2018 Lee Kong Chian Distinguished Professors
We were honoured to have three Nobel Laureates of Physics and a Fields Medalist who attended this special conference. They were appointed as Lee Kong Chian Distinguished Professors in relation to the conference. This memorial event was a tribute to Robert Brout who would have been 90 in 2018. Unfortunately he passed away just a few years before the Nobel Prize was awarded to his long-time collaborator François Englert with whom he shared so many research results.
Professor François Englert
Professor François Englert is Professor Emeritus at the Universite libre de Bruxelles where he is member of the Service de Physique Theorique. He won the 2013 Nobel Prize for Physics with Peter Higgs for the discovery of the Higgs particle.
Professor Duncan Haldane
Professor Duncan Haldane is the Eugene Higgins Professor of Physics at Princeton University. Along with David Thouless and John Michael Kosterlitz, he was awarded the 2016 Nobel Prize in Physics for theoretical discoveries of topological phase transitions and topological phases of matter.
Professor Gerard 't Hooft
Professor Gerard 't Hooft shared the 1999 Nobel Prize in Physics with Martinus Veltman for elucidating the quantum structure of electroweak interactions. He was knighted commander in the Order of the Netherlands Lion, and officer in the French Legion of Honor.
Professor Michael Atiyah
Professor Michael Atiyah was awarded the Fields Medal in 1966 for his work in topology. He is one of the foremost mathematicians of the 21th century. He was involved in the creation of the Isaac Newton Institute for Mathematical Sciences and was its first director from 1990 to 1996.
Nobel Laureate Professor Frank Wilczek was the co-chair and speaker of the centennial conference and he was appointed as Lee Kong Chian Distinguished Professor in relation to the event. The Centennial Conference featured eminent scientists who spoke about Feynman's contributions in many areas of physics and beyond, and also discussed where the fields are today. Professor Richard Feynman was one of the most influential scientists of the last century. His Feynman diagrams' to compute scattering amplitudes revolutionised the field of elementary particle physics.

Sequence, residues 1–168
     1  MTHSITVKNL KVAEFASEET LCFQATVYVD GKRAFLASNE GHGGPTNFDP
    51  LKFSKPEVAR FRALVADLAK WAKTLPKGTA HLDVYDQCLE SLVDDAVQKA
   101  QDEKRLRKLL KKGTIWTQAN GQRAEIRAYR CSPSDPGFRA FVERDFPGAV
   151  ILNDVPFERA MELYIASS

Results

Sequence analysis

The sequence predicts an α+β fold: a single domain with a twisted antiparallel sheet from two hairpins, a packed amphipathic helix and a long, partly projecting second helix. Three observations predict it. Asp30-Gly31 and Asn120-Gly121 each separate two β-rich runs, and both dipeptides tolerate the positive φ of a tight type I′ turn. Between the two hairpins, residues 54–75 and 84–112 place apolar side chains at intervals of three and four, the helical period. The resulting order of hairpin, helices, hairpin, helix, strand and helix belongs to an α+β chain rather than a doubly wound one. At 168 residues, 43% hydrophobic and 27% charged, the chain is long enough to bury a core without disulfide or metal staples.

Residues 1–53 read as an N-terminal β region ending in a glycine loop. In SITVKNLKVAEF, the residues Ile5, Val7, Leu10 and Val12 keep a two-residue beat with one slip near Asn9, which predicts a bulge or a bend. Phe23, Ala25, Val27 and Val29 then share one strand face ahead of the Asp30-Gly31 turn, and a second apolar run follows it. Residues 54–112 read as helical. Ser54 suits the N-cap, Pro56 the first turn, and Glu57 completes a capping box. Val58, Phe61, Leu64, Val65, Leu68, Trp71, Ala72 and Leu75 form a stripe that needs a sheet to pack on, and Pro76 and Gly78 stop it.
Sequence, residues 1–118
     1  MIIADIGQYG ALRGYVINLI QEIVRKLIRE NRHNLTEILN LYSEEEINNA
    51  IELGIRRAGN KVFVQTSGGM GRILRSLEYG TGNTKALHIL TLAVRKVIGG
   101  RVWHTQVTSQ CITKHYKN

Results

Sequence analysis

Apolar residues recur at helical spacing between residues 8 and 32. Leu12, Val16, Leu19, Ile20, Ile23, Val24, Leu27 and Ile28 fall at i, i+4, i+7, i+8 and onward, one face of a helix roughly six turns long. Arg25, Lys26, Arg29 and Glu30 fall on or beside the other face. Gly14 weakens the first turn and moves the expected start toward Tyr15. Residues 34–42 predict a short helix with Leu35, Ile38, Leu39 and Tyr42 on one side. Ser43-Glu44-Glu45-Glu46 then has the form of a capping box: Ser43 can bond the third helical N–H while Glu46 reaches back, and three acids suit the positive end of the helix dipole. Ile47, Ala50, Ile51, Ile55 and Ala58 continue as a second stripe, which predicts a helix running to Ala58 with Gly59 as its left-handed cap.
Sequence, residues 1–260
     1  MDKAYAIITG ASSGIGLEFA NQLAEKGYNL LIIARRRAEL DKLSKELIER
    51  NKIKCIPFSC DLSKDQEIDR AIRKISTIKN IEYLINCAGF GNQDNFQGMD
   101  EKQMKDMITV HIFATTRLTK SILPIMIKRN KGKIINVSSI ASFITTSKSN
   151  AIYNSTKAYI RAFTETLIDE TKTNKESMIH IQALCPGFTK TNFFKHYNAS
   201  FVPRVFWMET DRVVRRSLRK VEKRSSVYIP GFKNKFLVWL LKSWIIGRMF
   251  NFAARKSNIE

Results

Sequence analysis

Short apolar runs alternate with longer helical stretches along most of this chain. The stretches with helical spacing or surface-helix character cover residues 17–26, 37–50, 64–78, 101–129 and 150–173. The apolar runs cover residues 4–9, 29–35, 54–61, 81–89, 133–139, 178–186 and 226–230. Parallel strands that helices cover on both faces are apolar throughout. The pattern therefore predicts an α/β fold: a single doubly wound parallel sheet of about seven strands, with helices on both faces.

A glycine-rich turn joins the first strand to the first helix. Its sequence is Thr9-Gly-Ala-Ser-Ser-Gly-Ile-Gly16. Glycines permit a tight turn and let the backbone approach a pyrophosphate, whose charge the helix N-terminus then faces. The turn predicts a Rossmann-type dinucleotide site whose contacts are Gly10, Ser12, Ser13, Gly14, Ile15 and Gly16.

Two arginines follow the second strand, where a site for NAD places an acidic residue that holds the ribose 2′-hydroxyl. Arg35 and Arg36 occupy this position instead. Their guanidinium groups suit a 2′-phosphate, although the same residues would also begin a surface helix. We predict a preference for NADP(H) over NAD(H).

Professor Wilczek received the 2004 Nobel Prize in Physics along with David Gross and David Politzer, for their discovery of asymptotic freedom in the theory of the strong interaction. He is the Herman Feshbach professor of physics at MIT; Founding Director of the Tsung-Dao Lee Institute and Chief Scientist at Wilczek Quantum Center, Shanghai Jiao Tong University; Distinguished Origins Professor at Arizona State University; and Professor at Stockholm University.
The conference audience included many students who were inspired by the importance and relevance of Feynman’s work that is still applicable to modern scientists.
Among the workshop speakers were two Nobel Prize winners, Professor Rudolph Marcus and Professor John Walker. They were appointed as Lee Kong Chian Distinguished Professors in relation to the workshop. The event focused on molecular mechanisms which underpin the energy cycle; the photosynthetic reaction responsible for splitting of water to produce of oxygen and its reduction by respiration to release energy in the form of ATP.
Professor Rudolph Marcus received the Nobel Prize for Chemistry in 1992 for advancing the theory of electron-transfer reactions in chemical systems. The Marcus theory revealed information on such common phenomenon as photosynthesis and corrosion.
Professor Sir John Ernest Walker won the Nobel Prize in Chemistry in 1997 with Paul Boyer for their elucidation of the enzymatic mechanism underlying the synthesis of adenosine triphosphate. They also shared the prize with Danish chemist Jens Skou for the discovery of ion-transporting enzyme, Na+, K+ -ATPase.
Nobel Laureate Professor George Smoot was the plenary speaker of the Transient Universe Conference. He also delivered an interesting public lecture on gravitational waves held at the Science Centre Singapore. He won the 2006 Nobel Prize in Physics for his work on the Cosmic Background Explorer with John Mather that led to the discovery of the black body form and anisotropy of the cosmic microwave background radiation.
Nobel Laureate Professor Rudolph Marcus was the plenary speaker of the workshop which covered fundamental and applied aspects of polyelectrolyte systems including all highly charged synthetic and biological polymers and aggregates formed from surfactants in aqueous medium. Prof Marcus was appointed as Lee Kong Chian Distinguished Professor in relation to the workshop. He received the Nobel Prize for Chemistry in 1992 for advancing the theory of electron-transfer reactions in chemical systems.